Jana: Throughout my childhood and into my adolescence, I played soccer. I didn’t LIKE soccer (in fact, it made me VERY nervous and upset), but I did play it, every year: every fall, every spring, and lots of winters. I’ve spent a fair amount of time in my adulthood trying to figure out why, the fuck, I kept playing, if I hated it so much, and all I can come up with is that a) I really wanted to be like my sister, and b) I really don’t like change. I’m a routine kinda girl! In the fall, I played soccer, because when I was eight I followed in my sister’s cleated footsteps and signed up for soccer clinic, and then it was just accepted in my mind as a perennial part of my life.
Me on the soccer field, looking a little angry and a little scared. Look closely for a glimpse at my hair horns (you’ll also want to note the receding hairline, caused by my obsessive need to pull the ponytail as tight as possible).
However, although I deeply hated my own soccer team (note: to any former teammates who may stumble upon this, it was entirely because I was such a weirdo. You were all really nice to me even though I was so weird, so thanks! Go Waves, and all of that! – yes, our team was called the Waves. What?), I remained genuinely invested in the soccer career of my sister. Starting out as a Purple People Eater, her star rose quickly, and she made varsity as a FRESHMAN. That’s unheard of, people. I was beyond proud.
One year, her indoor soccer team had a tournament. Now, indoor soccer doesn’t really matter, but I was a big fan (again, not of PLAYING it – I hated that too, but did it religiously). The tournament at hand was on a Sunday, and consisted of many games in a row, with teams being eliminated as they went. It was a lot like the Olympics, if the Olympics were held in a really depressing indoor sports facility in Burlington, MA, that also hosted birthday parties.
But what better did I have to do with my Sunday? I’ll tell ya: nothin. I was pumped. I went, I stayed all day, I have a weird feeling that I was wearing purple pants of some kind. And my sister’s team was KILLIN IT! They kept winning and winning, and I was overjoyed.
But then, in the final game, things seemed off. The other team was coming off of an hour’s rest, and my sister’s team had played straight through. The other team had lots of subs, and ours only had one or two, or something. The ref made bad calls! I don’t know. Honestly, I do not know nor can I identify with the version of myself that was really invested in this. But invested I was. So invested, in fact, that when they eventually lost the game I was very worked up; I’m sure my hair was frizzing out even more than usual and my cheeks were red. I felt a familiar rage boil inside me, and I knew I had to let it out.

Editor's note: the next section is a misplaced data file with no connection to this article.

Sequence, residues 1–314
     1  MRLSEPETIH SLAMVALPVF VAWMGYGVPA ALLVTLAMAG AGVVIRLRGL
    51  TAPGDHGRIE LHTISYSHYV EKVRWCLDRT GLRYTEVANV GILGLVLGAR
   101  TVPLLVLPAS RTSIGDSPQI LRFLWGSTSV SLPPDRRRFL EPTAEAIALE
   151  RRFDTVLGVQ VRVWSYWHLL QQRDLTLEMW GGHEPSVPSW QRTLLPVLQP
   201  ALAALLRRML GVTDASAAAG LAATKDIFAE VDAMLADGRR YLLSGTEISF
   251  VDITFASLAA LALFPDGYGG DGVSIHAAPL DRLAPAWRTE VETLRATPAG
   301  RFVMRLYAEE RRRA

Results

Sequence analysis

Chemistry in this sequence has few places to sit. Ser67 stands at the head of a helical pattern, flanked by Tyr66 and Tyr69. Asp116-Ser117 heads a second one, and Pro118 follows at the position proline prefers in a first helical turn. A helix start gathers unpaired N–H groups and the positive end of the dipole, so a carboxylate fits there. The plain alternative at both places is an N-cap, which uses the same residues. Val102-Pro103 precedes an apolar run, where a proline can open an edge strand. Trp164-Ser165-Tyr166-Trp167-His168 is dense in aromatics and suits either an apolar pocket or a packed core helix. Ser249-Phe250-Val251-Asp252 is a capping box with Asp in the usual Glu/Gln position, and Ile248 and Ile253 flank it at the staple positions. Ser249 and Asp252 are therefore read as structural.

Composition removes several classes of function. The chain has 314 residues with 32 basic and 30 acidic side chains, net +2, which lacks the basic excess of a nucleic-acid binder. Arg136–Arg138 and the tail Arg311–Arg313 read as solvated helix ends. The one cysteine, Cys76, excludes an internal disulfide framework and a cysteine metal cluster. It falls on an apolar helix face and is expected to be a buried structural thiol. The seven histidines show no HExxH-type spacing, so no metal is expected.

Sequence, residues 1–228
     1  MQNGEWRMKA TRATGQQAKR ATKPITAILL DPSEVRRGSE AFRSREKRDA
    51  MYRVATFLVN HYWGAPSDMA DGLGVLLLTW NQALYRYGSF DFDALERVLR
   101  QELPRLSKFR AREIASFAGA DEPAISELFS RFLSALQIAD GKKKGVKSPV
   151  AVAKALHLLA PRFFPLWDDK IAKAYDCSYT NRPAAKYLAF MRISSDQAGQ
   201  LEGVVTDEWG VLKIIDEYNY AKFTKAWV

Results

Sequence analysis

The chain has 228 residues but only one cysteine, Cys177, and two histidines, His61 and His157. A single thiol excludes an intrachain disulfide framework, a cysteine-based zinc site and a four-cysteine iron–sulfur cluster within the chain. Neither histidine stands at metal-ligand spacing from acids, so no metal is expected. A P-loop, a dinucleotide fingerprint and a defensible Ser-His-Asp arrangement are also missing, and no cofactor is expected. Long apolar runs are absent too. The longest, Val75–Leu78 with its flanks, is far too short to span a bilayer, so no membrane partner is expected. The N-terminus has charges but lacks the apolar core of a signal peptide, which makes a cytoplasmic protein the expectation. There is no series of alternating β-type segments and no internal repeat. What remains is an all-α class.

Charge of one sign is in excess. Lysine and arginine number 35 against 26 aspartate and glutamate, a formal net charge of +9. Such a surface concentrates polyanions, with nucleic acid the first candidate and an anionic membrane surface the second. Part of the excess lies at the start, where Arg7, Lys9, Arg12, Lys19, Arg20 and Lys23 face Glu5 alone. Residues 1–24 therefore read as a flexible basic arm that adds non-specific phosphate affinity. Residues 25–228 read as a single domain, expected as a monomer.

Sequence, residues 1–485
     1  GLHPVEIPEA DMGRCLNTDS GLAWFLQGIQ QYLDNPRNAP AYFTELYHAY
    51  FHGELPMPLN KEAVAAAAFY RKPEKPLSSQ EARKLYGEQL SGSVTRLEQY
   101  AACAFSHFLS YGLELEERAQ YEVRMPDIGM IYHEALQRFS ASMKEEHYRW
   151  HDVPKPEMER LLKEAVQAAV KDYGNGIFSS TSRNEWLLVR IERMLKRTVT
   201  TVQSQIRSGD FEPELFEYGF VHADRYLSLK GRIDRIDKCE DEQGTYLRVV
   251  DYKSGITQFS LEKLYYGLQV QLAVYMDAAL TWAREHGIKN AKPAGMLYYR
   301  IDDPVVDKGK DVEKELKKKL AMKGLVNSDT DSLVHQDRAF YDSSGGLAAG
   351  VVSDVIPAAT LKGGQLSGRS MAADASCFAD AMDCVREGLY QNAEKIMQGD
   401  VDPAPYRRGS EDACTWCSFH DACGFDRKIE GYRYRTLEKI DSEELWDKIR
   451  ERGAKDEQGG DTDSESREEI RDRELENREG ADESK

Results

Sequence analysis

Here is how I chose to let it out: I walked to the bathroom. The bathroom was a rectangular space, and on one end of the room hung a full-length mirror, presumably for young athletes to admire themselves fully pre- and post-games. Without a second thought, I bolted to the far end of the room, got a running start past the sinks, and did a FLYING KICK into the mirror.
Here is what happened next: THE MIRROR BROKE. OBVIOUSLY it broke. It cracked down the middle. Why did I think that it might NOT break? Why did I not consider the cold, hard, fact that mirrors break when you kick them, let alone RUN at them and then kick them? But still! I saw the mirror crack and it destroyed me in an instant. I felt that flash of fear that actually feels like your heart has cracked. What had I done? I was overcome with guilt. I was crying. I was deeply, deeply ashamed.
I couldn’t face anyone right away. I picture myself behaving like someone in a movie who has just shot someone else – alone, shaking my head a little, pacing up and down the empty bathroom. I probably also shook my hands out, like really close to my chest, like an “ahhh what just happened” shake. Once I’d fretted enough, I tried to brush the tears off of my face, hung my head, and found my mom. Then I whispered to her what had happened, in between gulped sobs. Being reasonable, she was confused, but she was just like…. ok, let’s go. This is a large, asshole facility. They can fix their mirror. I couldn’t believe her nonchalance! So we left, while I cried. I continued to feel guilty about the mirror for years to come, until gradually I stopped feeling guilty and started just feeling like… why’d you do that, Jana?